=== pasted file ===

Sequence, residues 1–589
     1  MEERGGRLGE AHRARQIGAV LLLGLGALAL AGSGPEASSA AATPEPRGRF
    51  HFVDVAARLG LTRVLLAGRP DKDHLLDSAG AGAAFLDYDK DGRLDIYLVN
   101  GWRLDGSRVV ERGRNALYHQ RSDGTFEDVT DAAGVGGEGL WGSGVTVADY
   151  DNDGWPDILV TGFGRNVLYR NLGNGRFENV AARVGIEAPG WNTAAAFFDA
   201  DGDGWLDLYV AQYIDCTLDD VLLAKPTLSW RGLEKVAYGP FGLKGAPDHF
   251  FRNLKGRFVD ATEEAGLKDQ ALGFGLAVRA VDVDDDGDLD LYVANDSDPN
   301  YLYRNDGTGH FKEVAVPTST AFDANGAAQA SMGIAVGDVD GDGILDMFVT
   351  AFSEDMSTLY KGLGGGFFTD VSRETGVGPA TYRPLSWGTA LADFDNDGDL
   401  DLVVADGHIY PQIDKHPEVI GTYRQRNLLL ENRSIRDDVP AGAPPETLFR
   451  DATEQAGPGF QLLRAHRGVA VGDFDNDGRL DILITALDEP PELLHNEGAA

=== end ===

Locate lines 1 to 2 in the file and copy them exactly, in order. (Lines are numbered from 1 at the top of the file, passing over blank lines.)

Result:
Sequence, residues 1–589
     1  MEERGGRLGE AHRARQIGAV LLLGLGALAL AGSGPEASSA AATPEPRGRF